There is no justification for censoring art, or, for that matter, removing art from the public domain, regardless of how the removal is justified or characterized. A more responsible response to art that might offend, is to encourage more art. Censorship is a crude and irresponsible act; one that cannot but harm all who call UCT home.
It is frustrating to watch the established art world whinge about precious artworks lost during student protests, and ultimately, a curatorial process.
This idea that art is a bastion of 'freedom of expression' is steeped in hypocrisy considering that the 'eye of the beholder' is exactly that. 'Freedom of speech' according to whom? 'Destruction of property' according to whom? 'Violent acts' according to whom? 'Censorship' according to whom? If there is anything we should've realised and learned as 'creatives', it is that art is just as susceptible to being institutionalised and co-opted into systems of oppression and exclusion. One person's 'freedom of expression' is another person's form of oppression.
So, yes, student protests are messy and uncontrollable. We were once young too, and those of us with open eyes and awakened conscience burned our own kind of 'shit and stuff' when we were young. When has youth ever been 'neat and clean' in its protest? When has youth ever been 'emotionally mature and experientially wise' in their actions?
Youth is passionate, angry, zealous, idealistic and ready to deliver the full blow of their convictions - to their own, and our, detriment.
So yes, we lost a lot of precious artworks, many of them symbols of our revered 'freedom struggle', 'rainbow nation' and 'Important History'. I'm sure a lot of this detail got lost in the fires of contempt lit by the student protests.
The much more important question to ask, is why this came to be in the first place.
As somebody who spent a decade in the creative education field as an 'industry professional', I've watched on in frustration as academic institutions refuse to wake up and open up to the realities of the crises unfolding around us. I am appalled at the apathy and lack of desperately needed radical transformation in our educational institutions - particularly in the 'creative arts' field and 'professional arts' industry.
Considering the precipice we find ourselves at, it seems unforgivable.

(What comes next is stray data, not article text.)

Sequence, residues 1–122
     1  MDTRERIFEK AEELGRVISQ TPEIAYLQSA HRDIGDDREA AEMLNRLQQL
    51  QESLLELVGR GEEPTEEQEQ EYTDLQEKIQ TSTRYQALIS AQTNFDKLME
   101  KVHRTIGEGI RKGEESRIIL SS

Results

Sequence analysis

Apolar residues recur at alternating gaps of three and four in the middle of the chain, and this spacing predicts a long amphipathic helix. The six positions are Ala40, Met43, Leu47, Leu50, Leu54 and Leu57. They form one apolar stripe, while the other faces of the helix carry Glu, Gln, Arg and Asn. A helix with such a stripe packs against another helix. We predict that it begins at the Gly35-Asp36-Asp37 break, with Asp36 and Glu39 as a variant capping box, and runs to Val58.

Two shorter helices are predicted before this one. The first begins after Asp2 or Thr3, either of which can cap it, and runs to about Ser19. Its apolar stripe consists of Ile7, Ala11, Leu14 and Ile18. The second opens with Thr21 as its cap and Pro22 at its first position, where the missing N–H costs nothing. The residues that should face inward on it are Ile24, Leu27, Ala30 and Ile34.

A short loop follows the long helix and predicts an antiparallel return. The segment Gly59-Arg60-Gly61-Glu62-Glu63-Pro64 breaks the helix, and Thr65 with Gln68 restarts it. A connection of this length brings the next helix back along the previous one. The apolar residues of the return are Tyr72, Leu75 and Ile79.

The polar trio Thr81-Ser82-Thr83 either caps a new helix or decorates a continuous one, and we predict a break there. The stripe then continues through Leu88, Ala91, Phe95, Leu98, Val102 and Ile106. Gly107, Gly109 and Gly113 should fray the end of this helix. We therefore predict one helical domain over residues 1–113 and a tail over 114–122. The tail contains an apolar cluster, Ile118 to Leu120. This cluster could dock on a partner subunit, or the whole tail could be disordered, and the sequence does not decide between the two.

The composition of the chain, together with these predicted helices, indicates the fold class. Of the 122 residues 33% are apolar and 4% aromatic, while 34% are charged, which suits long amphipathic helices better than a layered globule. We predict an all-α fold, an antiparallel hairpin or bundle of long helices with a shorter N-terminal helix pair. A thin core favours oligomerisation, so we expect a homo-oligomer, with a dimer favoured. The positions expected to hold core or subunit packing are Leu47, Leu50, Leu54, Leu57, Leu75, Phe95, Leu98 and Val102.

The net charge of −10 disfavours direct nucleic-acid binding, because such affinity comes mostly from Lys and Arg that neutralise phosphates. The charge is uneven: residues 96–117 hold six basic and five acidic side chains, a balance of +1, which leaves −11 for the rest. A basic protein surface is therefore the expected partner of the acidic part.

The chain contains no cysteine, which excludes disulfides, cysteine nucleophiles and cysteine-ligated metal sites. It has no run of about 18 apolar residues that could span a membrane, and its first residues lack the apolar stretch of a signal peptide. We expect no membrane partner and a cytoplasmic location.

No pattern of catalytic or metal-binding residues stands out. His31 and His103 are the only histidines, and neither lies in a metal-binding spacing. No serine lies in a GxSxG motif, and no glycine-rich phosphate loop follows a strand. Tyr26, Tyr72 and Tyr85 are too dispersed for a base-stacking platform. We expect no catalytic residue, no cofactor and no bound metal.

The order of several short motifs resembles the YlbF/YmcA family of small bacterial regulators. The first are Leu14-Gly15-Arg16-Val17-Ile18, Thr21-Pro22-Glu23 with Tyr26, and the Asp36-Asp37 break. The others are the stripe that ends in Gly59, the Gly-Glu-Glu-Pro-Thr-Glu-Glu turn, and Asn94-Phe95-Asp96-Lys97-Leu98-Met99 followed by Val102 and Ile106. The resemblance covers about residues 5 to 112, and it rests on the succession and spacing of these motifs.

UCT’s equivocation on freedom of expression is contemptible. Just as Sean Spicer’s spin is quickly undercut by Trump’s tweets, the UCT Marketing Department’s claimed commitment to artistic freedom is contradicted by the Artworks Task Team’s order that paintings, photographs, drawings, and sculptures continue to be censored indefinitely. And Vice-Chancellor Max Price takes refuge in the sophistry that no artworks have been “banned”, when they are unquestionably being censored.
If, as the Artworks Task Team recommends, “some of the contested artworks” are taken out of storage and displayed together “in dedicated spaces such as the CAS Gallery”, comparisons with Goebbels’s Entartete Kunst exhibit will be unavoidable, and the injury done to the artists will be compounded. It would be better to stay out of the censorship business altogether.
UCT used to be made of sturdier stuff. Under apartheid censorship, the UCT library boldly stamped banned literature with the statement:
"BANNED IN SOUTH AFRICA
This notice reminds readers that the University of Cape Town is opposed to the State’s system of censorship, which undermines academic freedom and restricts the potential contribution of this university and others to South African society. The University of Cape Town is required by law to comply with the rules and regulations pertaining to censorship, but does so under protest."
It is disturbing to watch a great liberal institution lose the courage of its convictions.
Is there an essential difference between Nazi storm-troopers burning books by Jewish and other "undesirable elements", and students burning paintings that they have decided are undesirable? Perhaps so, but if so it is a very small one, as far as I can see. One may dislike symbols of past people and/or events, but one cannot rewrite history. It belongs to all of us, and if we destroy parts of it that we dislike, instead of accepting all of it, warts and all, we destroy part of ourselves. Even worse, we destroy something that belongs to generations yet unborn.